Women’s experiences of breech birth and disciplinary power
ORCID : 0000-0003-4477-9813
Journal of Advanced Nursing
School of Nursing and Midwifery
Australian Government Research Training Program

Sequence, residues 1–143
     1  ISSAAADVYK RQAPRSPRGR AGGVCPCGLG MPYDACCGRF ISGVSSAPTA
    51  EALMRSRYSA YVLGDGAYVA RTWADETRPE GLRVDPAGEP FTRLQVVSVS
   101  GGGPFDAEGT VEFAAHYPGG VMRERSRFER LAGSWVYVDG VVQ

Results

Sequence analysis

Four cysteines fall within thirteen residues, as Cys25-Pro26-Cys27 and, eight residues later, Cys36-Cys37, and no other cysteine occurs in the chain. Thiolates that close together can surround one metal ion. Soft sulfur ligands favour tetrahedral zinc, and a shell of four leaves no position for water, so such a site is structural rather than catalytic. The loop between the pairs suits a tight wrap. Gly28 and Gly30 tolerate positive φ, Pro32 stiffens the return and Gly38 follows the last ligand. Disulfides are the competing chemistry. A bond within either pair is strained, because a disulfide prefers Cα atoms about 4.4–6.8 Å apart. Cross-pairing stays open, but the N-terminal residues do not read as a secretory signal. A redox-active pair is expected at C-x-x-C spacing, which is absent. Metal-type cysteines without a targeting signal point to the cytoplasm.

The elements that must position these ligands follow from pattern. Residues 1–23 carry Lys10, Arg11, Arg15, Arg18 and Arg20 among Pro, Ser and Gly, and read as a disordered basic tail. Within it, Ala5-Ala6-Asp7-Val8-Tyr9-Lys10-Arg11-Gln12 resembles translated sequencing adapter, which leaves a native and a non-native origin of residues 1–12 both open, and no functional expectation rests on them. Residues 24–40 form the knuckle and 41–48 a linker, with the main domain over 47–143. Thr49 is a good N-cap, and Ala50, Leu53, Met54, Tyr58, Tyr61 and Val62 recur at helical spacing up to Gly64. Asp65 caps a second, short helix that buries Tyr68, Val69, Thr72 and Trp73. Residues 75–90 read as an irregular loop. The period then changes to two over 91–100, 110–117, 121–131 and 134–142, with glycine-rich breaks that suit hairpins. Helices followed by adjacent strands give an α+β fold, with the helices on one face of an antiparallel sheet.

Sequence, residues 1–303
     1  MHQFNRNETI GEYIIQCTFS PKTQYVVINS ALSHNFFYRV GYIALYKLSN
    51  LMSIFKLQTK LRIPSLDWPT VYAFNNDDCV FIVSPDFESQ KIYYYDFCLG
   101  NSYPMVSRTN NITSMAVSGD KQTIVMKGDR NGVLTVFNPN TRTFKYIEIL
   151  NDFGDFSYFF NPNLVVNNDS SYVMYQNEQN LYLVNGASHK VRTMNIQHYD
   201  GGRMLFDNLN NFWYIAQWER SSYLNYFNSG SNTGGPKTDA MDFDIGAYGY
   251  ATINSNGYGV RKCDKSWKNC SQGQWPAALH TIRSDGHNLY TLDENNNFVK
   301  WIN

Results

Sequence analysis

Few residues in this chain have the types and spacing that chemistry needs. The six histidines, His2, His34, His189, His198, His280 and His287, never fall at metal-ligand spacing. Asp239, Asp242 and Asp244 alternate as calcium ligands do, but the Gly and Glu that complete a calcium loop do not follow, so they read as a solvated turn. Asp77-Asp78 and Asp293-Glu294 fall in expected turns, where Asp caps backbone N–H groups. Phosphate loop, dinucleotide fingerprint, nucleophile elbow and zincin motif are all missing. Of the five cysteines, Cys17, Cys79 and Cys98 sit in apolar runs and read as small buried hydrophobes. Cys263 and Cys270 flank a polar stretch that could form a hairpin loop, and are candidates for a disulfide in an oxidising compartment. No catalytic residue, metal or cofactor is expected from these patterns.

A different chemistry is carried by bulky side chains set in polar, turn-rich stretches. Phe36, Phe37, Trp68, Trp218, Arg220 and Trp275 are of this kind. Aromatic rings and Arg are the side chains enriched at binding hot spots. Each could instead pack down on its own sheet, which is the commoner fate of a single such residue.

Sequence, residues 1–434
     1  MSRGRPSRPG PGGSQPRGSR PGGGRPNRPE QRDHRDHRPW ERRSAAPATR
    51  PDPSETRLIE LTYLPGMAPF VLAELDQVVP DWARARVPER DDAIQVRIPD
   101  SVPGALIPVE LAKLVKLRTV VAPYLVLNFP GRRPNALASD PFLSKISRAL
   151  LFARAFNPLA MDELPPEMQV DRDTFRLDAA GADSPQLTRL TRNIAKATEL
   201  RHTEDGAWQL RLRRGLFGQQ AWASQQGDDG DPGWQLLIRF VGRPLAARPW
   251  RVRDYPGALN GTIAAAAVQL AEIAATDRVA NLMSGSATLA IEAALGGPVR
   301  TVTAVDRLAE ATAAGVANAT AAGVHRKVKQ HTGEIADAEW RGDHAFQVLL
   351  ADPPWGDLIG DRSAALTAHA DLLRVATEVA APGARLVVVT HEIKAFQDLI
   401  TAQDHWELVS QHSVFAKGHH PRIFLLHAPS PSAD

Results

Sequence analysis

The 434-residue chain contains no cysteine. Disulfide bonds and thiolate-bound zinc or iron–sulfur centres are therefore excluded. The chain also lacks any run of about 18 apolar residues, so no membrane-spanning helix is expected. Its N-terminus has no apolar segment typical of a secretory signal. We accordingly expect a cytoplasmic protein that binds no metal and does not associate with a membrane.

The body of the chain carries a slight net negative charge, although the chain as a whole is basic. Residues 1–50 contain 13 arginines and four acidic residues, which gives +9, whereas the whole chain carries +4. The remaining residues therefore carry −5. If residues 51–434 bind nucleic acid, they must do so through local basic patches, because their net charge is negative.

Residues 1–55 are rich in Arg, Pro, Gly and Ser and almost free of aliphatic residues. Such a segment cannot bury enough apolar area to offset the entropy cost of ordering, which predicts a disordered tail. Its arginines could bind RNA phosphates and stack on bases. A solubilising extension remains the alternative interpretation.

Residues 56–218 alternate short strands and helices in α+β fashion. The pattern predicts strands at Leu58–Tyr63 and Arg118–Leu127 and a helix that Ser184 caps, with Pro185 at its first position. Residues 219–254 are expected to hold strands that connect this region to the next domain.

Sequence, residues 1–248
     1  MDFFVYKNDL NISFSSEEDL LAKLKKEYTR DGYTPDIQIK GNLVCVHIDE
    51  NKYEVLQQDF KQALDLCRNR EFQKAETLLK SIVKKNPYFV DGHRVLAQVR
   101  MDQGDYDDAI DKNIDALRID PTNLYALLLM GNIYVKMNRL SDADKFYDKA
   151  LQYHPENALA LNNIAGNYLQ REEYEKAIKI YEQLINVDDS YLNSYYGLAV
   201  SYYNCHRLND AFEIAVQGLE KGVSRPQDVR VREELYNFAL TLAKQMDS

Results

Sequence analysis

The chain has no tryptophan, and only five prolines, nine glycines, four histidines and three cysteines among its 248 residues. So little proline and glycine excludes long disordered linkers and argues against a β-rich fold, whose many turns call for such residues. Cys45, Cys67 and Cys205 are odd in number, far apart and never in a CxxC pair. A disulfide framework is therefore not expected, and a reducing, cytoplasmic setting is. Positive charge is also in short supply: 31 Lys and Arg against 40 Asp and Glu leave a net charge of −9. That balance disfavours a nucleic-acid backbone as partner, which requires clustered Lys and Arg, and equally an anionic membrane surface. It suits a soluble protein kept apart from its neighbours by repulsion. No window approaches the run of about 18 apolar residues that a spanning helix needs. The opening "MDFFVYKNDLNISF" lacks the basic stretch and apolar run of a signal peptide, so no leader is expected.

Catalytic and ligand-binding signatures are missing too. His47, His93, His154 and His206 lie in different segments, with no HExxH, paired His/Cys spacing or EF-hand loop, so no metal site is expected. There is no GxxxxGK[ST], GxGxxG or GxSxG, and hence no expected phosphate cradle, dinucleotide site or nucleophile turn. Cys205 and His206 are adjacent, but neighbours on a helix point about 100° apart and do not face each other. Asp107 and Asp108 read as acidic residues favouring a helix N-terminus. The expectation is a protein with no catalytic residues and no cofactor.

Aims: To explore women's experiences of breech pregnancy and birth to identify areas in practice for improvement. Design: A descriptive exploratory study was conducted involving 20 women who had experienced a breech birth between 2013 and 2018. Methods: Semi-structured interviews were audio recorded and transcribed. Transcripts were examined using a free-form ‘circling and parking’ style of analysis. Foucault's concepts of power/knowledge were utilized to describe existing power relations. Results: Women experienced varying degrees of disciplinary power throughout their experiences. Knowledge was used as a means of enforcing disciplinary power by some clinicians and by women to ‘arm’ themselves and ‘fight’ to regain what they perceived as a loss of power and autonomy. Midwives were seen as navigators of a restrictive, medicalized healthcare system. Conclusion: By better understanding the power dynamics which exist as well as the stages women go through when experiencing a breech presentation, there remains the potential to identify areas in practice which need improving, and aid clinicians in better supporting women through what can be a very difficult time.